Q. Tiger, do you know if there is any chance of you organizing a tournament for your charity --
TIGER WOODS: My foundation?
Q. -- here in Argentina?
TIGER WOODS: I don't know yet. Right now we're trying to get ours started. We played the Williams World Challenge last week, which our foundation is the main beneficiary of that tournament. And that is one tournament -- I don't know about expanding yet. We'll see.
Q. Tiger, you are a world-wide player and you have been for quite a few years now. You spoke about the eight weeks and the grind and everything. Is it starting to get old, the demands people are putting on you?
TIGER WOODS: I guess you just become accustomed to it, accustomed to the responsibilities that I have, whether it is to the fans or the media or friends, family -- whatever it is. You just get an understanding of what to do and what you can and can't handle. I think that is the way I've looked at it, and that is the way that I've come to understand it. I guess the only thing I wish is that we lived in the kind of Star Trek days where you could kind of beam over to another country. A lot easier than sitting on your butt for 14 hours.
Q. Did you feel like it was David's consistent play that allowed you guys to hold off the Argentine duo today?
TIGER WOODS: I felt we struck the ball well today. I didn't really -- I putted not so good today, but my partner over here bailed me out time and time again. You know, thank goodness that he was there with a good flat stick, because I didn't hit good putts -- either ran them by or left them short. I only made one putt, which was on 11. Other than that, I didn't feel like I did much of anything. But other than that, I did feel like I was able to hit some solid shots and felt like I was able to put us in position where I did have a shot at it. But David played great all week, and he really carried us.
Q. In Valhalla, while you were playing, you were doing some movements with your shoulders, and a person at the public shouted at you and you smiled. I would like to know, what did that person tell you?
TIGER WOODS: I don't know. No comprende espanol. (Laughter.)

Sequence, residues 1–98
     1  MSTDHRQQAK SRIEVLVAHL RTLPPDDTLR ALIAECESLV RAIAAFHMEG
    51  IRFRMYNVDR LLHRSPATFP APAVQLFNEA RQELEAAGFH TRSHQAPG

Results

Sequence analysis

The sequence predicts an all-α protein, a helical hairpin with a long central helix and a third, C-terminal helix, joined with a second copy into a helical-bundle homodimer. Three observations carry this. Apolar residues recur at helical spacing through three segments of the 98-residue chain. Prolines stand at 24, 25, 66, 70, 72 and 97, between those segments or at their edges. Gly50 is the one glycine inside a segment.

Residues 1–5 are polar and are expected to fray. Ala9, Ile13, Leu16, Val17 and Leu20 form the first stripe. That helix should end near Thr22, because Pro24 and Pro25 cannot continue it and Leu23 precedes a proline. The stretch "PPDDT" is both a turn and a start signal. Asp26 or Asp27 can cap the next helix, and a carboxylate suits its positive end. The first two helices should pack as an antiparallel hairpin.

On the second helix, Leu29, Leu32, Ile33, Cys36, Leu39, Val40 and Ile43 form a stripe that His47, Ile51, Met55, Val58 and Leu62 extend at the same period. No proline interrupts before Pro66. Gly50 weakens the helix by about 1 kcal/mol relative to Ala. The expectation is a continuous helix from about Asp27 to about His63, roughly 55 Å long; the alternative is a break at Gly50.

Q. This was in Valhalla, not in Argentina.
TIGER WOODS: I don't know.
DAVID DUVAL: They probably said, "I love you, Tiger."
Q. You guys are both eligible next year. Will you make the trip to Japan to defend your title?
DAVID DUVAL: I can't answer that question, simply because I believe the qualification for the U.S. team is the highest-ranked player, and Tiger will be No. 1 for -- unless he misses cuts for the next two straight years, he's going to stay ranked 1. So it is up to him to decide to ask a partner.
TIGER WOODS: I would love to play again, and I would love to team up with David, if everything works out. We'll see what happens. We have a long year ahead of us before then. We have a lot of things -- both of us need to go out there and chase, and then win. And at the end of the year, we'll see. But we would love to do it again, yes.
Q. How long are you staying in Argentina, or are you returning right now to the United States?
DAVID DUVAL: We're returning this evening.
TIGER WOODS: Just depends on how long you keep us in here. (Laughter.)
Q. For both of you, how do you like the Argentine galleries and the Argentine public, and did you find any difference with any of the other galleries that you've come across?
DAVID DUVAL: I think that for me they seemed very enthusiastic, and the behavior was quite exceptional, I thought, considering the size and proximity, how close everybody was. I thought it was fantastic.
TIGER WOODS: I thought they were extremely enthusiastic. And I think one of the great things about the galleries here this week is the fact that they were kind of policing themselves. If a camera went off or if a phone rang, they would get on one another, and you don't find that too often around the world. And it was pretty neat to see the galleries actually police themselves.
NELSON LUIS: Okay. Thank you very much.